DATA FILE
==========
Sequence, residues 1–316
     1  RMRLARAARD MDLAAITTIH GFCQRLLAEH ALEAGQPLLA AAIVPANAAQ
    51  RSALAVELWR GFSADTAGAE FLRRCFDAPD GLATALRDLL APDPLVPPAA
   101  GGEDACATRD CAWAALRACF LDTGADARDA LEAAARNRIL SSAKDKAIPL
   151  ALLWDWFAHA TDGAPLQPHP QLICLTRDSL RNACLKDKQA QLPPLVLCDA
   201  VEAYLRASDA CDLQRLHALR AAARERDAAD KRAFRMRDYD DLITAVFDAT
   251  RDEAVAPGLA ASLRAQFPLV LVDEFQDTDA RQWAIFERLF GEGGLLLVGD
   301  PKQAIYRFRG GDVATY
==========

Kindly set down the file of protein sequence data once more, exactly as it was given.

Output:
Sequence, residues 1–316
     1  RMRLARAARD MDLAAITTIH GFCQRLLAEH ALEAGQPLLA AAIVPANAAQ
    51  RSALAVELWR GFSADTAGAE FLRRCFDAPD GLATALRDLL APDPLVPPAA
   101  GGEDACATRD CAWAALRACF LDTGADARDA LEAAARNRIL SSAKDKAIPL
   151  ALLWDWFAHA TDGAPLQPHP QLICLTRDSL RNACLKDKQA QLPPLVLCDA
   201  VEAYLRASDA CDLQRLHALR AAARERDAAD KRAFRMRDYD DLITAVFDAT
   251  RDEAVAPGLA ASLRAQFPLV LVDEFQDTDA RQWAIFERLF GEGGLLLVGD
   301  PKQAIYRFRG GDVATY